Recently, Euretos was invited to speak at the Lorentz Conference on ‘How to Make Data FAIR for Open Science’. The conference was organised by the universities of Barcelona, Leiden, Madrid and Vitória (Brazil) and sponsored by Nature Genetics, the European research infrastructure Elixir and Dutch research organisations DTL and BioSB. The conference was recently discussed in an Editorial in Nature Genetics
The aim of the conference was to help researchers from various disciplines publish their research data in an interoperable ‘FAIR’ format: Findable, Accessible, Interoperable and Reusable. During the 4 days workshop researchers, bioinformaticians and data experts worked hand in hand to transform their data into FAIR data, which was the end goal of the workshop.
Euretos was invited to provide a demonstrator of how FAIR data can be used to add value to the individual researcher. FAIR data is not an end in itself, the purpose in the end is to enhance the scientific research process. Euretos has been a participant in the FAIR data movement from its inception and one of the co-authors on the on landmark Nature article on this topic.
The Euretos A Platform integrates over 200 data sources in its platform and, as such, demonstrates the value of integratable and reusable data. The more FAIR data is, the easier it is for computers to integrate it and derive additional value from it. A key topic was how to deal with the enormous amount of data that a research is confronted with if hundreds of data sources are combined.
Take for example the 175+ life sciences data sources that have been integrated in the Euretos Knowledge Platform. It is of course great to have all this data together in one single view. On the other hand it also makes painfully clear the amount of data that is available for a researcher to assess:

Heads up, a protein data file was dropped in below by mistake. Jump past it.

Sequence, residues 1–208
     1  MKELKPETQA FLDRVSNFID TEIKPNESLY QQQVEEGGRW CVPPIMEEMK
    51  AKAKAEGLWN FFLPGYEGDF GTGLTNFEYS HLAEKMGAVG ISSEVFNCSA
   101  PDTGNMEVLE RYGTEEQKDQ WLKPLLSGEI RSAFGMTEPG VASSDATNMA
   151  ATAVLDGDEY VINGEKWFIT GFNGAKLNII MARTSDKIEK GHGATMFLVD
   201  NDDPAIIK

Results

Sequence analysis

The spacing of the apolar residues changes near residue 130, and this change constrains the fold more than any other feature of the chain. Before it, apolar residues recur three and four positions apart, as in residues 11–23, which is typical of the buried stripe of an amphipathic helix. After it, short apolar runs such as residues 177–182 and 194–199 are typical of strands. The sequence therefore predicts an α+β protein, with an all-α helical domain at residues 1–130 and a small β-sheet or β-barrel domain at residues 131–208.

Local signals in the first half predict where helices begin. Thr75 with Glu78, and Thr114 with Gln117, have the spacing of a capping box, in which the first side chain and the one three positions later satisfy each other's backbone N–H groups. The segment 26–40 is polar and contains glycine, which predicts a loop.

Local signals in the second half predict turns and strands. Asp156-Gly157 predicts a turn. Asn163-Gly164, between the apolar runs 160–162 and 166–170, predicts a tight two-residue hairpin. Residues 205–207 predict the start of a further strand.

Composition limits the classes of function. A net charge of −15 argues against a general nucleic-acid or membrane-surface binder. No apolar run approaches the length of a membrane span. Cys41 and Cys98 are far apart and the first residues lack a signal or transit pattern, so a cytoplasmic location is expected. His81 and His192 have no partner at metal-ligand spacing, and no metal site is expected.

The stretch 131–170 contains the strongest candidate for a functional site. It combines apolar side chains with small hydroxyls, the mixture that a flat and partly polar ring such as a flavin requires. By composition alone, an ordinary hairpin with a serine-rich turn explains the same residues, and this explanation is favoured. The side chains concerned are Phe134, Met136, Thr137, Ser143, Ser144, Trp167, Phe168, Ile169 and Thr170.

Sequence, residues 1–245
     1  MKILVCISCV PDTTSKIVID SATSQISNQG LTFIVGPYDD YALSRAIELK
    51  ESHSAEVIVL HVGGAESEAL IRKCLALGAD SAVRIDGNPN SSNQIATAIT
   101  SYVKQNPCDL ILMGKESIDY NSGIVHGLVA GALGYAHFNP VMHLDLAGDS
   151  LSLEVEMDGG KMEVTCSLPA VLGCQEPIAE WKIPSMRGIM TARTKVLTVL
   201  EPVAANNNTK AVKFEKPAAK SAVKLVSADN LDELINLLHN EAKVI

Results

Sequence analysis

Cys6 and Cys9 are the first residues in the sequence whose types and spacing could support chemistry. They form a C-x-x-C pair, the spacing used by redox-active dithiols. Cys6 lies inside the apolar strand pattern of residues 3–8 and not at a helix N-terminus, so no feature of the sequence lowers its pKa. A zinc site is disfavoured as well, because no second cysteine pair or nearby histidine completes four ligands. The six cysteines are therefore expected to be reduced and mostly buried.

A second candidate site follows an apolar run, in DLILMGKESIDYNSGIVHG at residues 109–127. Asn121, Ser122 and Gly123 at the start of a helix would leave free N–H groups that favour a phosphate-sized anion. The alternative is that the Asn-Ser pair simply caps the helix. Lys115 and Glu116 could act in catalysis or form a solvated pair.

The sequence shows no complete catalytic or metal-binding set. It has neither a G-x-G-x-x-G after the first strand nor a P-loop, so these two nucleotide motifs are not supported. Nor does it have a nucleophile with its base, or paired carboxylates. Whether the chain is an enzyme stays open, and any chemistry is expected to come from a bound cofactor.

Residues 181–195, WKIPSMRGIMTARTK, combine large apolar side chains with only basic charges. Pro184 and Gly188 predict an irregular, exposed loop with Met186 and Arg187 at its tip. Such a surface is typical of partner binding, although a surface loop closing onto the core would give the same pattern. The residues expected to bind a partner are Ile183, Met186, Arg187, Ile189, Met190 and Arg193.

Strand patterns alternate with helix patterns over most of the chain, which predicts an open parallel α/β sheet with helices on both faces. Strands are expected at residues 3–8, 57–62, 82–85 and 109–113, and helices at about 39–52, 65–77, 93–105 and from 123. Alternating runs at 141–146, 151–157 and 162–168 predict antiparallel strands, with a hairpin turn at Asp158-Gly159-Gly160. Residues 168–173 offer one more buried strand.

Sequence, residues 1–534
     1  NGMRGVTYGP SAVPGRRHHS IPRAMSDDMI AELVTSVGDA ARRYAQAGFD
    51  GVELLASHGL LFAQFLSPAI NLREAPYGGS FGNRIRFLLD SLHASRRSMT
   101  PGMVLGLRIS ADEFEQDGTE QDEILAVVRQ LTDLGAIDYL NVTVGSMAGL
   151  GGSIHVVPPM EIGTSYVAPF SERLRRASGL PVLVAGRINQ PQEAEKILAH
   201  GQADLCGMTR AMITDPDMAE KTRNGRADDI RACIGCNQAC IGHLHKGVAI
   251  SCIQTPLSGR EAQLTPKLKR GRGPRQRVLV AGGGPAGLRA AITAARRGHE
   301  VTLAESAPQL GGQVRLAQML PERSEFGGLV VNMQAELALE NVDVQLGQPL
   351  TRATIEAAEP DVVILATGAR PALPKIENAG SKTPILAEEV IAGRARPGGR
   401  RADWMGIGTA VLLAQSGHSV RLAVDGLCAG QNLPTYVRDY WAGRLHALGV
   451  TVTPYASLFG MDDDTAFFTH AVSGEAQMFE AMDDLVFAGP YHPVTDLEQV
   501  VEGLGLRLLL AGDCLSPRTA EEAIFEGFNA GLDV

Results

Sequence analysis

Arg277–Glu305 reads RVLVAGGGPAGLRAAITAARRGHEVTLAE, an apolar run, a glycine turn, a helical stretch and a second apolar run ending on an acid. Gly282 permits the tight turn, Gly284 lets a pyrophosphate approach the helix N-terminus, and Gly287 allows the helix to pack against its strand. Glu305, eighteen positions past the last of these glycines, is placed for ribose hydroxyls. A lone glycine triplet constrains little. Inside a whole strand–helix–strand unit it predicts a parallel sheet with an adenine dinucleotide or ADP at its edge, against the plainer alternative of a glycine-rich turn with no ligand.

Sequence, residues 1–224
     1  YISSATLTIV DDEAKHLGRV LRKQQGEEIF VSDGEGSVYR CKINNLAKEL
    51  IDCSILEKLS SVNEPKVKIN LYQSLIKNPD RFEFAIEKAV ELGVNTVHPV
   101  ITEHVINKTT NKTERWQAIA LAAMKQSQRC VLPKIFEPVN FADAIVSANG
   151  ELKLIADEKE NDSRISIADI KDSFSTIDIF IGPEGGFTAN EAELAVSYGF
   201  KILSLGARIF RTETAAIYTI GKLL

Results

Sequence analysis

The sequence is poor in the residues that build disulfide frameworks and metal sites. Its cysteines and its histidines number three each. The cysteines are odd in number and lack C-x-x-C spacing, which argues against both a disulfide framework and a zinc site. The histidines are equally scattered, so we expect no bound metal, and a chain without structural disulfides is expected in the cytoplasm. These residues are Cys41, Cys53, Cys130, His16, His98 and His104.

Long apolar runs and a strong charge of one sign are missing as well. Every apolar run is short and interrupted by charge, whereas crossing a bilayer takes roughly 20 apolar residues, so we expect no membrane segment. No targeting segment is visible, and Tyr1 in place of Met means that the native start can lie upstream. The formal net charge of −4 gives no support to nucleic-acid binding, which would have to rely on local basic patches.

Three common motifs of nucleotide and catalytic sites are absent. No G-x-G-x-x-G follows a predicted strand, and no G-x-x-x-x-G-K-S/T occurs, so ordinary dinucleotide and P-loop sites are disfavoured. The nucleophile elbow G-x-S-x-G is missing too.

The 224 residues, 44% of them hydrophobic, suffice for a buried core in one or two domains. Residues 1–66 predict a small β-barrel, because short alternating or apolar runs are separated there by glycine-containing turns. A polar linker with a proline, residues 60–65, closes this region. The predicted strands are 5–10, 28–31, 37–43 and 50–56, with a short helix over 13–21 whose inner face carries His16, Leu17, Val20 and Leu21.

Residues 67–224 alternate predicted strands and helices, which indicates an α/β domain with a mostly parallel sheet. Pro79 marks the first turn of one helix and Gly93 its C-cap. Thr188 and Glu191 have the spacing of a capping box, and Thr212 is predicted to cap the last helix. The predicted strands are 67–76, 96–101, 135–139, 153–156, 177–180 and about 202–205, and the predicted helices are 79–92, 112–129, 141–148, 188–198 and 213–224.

In the above example, 94 genes associated with presenile dementia have amongst themselves close to 3300 relations. And this only covers the genetic interactions!
These ‘ridiculograms’ are clearly not human-interpretable and require smart ways to deal with the data overload. For us this data overload has been a major challenge and to address it we use the parallel of the hourglass:
Basically you first need approaches to bring down the number of potential candidates to a relevant short list: go from a high volume of candidates to just a few. Then you can expand the detail again and add relevant key ‘multi-omics’ players interacting with the short-list. This way you can move from high volume to high detail in a controlled manner.
An example of how we enable the researcher to manage the volume of results is intersecting. In this approach the user is able to create and overlay sets of concepts (genes, metabolites, pathways etc.), each representing specific criteria as shown in the Sarcoidosis example below
In addition to this approach other strategies are also possible such as using ranking, sorting and scoring algorithms.Having reached a much more manageable set of concepts, the researcher can now start to expand the analysis and add further detail by identifying key players such as such as pathways, cell & tissue functions, interacting genes, proteins and small molecules.
FAIR data therefore provides new challenges, especially in the area of the volume of data that the researcher needs to manage. This challenge is daunting, but with the appropriate tools to navigate high volume as well as high complexity, significant progress can be made